Memorable Manitobans: Ralph Martin Erwin (1902-1983)
Born at Burwell, Nebraska on 2 September 1902, in the 1920s he was in charge of the Western Canadian circuit of a theatrical company from Chautauqua, New York until it folded with the advent of vaudville. He lived at New York City until 1931 when he moved to Winnipeg where, with a $400 loan from a relative, he opened a restaurant on Fort Street, naming it Salisbury House, where he served the new American invention of “hamburgers”. Believing the term inelegant, Erwin named his creations “nips”. The restaurant became a Winnipeg institution and Erwin eventually opened outlets around the city and in Brandon, Flin Flon, Kenora (Ontario), Moose Jaw (Saskatchewan), Calgary (Alberta), and Minneapolis (Minnesota). He opened Winnipeg’s first drive-in restaurant. From 1940 to 1947, he and his family lived at 115 Linden Avenue in East Kildonan. In 1979 he sold his majority interest in the company to a group of investors. A biography was published as The Erwin Story in 1982. He died at Toronto, Ontario on 5 June 1983.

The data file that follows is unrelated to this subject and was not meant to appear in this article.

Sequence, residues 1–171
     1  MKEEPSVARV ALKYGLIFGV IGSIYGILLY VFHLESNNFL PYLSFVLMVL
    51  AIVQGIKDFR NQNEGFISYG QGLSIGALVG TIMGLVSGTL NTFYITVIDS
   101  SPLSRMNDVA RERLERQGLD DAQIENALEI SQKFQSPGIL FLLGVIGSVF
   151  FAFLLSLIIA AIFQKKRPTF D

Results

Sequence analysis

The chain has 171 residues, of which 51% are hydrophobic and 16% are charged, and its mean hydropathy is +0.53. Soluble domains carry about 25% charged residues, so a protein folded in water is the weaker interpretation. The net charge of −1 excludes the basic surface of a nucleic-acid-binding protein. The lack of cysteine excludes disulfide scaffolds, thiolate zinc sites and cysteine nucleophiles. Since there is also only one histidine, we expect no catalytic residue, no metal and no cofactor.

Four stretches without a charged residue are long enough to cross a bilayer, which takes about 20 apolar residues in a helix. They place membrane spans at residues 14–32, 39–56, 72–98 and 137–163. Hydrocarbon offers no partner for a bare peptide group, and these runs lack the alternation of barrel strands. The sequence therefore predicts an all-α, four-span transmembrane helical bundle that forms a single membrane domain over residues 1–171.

Obituary, Winnipeg Free Press, 7 June 1983, page 38.
“Salisbury House started with $130,” Winnipeg Free Press, 10 July 1991, page 20.
The Erwin Story by Patrick Donohue, compiled by Phyllis Erwin Ketchesen, edited by David M. Ferguson, Toronto, 1982.
We thank Phyllis Ketcheson for providing additional information used here.
This page was prepared by Gordon Goldsborough.
Page revised: 8 December 2013
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